A quiet mind is all you need, so hey, abide in the present, stay there and repeat, again and again and again, and merge in what is – that which you never cease to be – and in time you’ll find you are not even that. It is that simple! But, for many reasons, the biggest of which we’ll touch on here, dwelling in and as the present can be the most frustrating quest on the planet.
There were many times when I wanted to slam my head into a wall, but one such episode stands out the most, simply because of the painful level of desperation I had at the time. It was in the early 2000s, I worked for a care agency and I was struggling with ill health, anxiety and depression. I knew the way, the truth and the light, but my everyday experience was of being a person who was having a bad time. I was truly sick and tired of suffering. The agency sent me to a challenging behaviour unit and one of my first jobs of the day was to get a resident out of bed and washed and dressed. He wanted a bath and so I got it ready and then sat in the corridor outside the bathroom until he was ready to get out. I was told that he liked a long bath, and so it was the perfect opportunity to carry on with my quest of abiding in the present. While getting paid, there was nothing for me to do except sit and be aware of being. How lucky I am, I thought – let’s go!
Within minutes it was taking me everything in my power not to jump up and start headbutting the nearest wall. I’d had enough. I couldn’t do it. My mind was busy, busy, busy – no gaps, no peace, no joy, no control, no hope of finding the ever-present solution to suffering – and I was desperate for gaps, peace, joy, control and the end of suffering. What did I do? I tapped the back of my head a few times on the wall behind me, sighed an increasingly familiar sigh, and carried on trying to abide in the present for another decade; and then… hey, that’s a story for another day.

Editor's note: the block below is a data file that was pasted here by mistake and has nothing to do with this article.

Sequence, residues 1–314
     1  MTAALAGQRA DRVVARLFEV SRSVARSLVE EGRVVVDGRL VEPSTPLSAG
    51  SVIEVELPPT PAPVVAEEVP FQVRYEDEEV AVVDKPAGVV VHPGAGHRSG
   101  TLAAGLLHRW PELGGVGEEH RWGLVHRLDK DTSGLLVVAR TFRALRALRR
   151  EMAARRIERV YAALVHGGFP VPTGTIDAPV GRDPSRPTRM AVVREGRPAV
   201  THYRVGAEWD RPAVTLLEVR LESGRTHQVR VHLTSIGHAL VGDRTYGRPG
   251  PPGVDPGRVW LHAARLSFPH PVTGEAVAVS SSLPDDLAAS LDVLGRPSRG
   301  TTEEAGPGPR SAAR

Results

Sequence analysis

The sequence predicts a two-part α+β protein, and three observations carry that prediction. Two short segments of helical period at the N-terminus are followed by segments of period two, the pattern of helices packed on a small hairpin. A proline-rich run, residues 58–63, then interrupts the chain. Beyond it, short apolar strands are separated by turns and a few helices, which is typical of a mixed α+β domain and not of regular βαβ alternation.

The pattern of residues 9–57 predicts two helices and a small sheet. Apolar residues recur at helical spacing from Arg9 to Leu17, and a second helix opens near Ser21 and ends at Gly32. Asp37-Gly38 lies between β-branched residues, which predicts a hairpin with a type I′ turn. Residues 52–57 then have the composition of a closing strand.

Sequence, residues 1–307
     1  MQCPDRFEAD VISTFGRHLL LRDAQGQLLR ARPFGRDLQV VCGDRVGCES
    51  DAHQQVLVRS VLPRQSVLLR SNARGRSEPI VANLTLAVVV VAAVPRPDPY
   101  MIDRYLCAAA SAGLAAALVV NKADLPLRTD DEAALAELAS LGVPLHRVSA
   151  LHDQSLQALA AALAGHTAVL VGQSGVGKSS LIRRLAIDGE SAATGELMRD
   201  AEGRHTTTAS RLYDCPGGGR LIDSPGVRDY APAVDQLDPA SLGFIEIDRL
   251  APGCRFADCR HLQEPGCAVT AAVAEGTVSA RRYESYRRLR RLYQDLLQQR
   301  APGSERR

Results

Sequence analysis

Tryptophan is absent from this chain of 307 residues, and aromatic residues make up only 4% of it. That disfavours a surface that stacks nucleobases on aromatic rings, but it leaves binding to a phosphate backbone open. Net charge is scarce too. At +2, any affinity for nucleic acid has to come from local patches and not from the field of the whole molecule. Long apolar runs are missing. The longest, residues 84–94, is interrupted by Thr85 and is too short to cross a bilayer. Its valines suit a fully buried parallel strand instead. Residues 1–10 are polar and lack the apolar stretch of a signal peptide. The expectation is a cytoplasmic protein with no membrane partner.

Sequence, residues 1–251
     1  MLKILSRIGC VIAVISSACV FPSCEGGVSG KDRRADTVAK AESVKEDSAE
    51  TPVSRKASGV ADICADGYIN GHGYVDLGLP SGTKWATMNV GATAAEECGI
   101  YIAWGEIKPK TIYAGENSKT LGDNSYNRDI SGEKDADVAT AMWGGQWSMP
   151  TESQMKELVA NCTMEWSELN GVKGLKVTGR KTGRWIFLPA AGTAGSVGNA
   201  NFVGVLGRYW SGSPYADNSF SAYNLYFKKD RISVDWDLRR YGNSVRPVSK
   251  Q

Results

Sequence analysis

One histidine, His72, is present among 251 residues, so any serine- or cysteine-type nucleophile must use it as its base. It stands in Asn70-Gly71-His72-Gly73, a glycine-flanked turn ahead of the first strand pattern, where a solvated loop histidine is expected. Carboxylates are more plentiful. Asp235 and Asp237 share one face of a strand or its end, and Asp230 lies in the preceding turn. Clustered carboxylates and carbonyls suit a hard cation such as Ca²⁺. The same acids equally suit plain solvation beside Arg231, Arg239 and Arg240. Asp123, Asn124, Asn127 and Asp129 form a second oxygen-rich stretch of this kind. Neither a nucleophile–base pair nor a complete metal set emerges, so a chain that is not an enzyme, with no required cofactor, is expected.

What was standing in my way back then?
I didn’t have what I call ‘the foundations of a quiet mind’.
You never cease to be the Ultimate Reality, but the reality filter, the brain, in the dream of what isn’t, says otherwise. The foundations of a quiet mind include the brain knowing what is and why a quiet mind – abiding in and as the sense of being – is all you need, and having the brain’s operation flowing through the calm, wisdom, positivity, confidence and solution-focused nature of the vast intellectual main cortex of the brain. From the main cortex we can abide in the present, repeat and get really good at this simple new skill.
But there’s another part of the brain, one that holds us back from abiding in and as the sense of being, the one that was in full effect when I wanted to slam my head into something, and one we’ll have to explore tomorrow, because my kids have suddenly announced that they want to have a semi-traditional Saturday late night ‘night walk’, so hey, I’ll be back…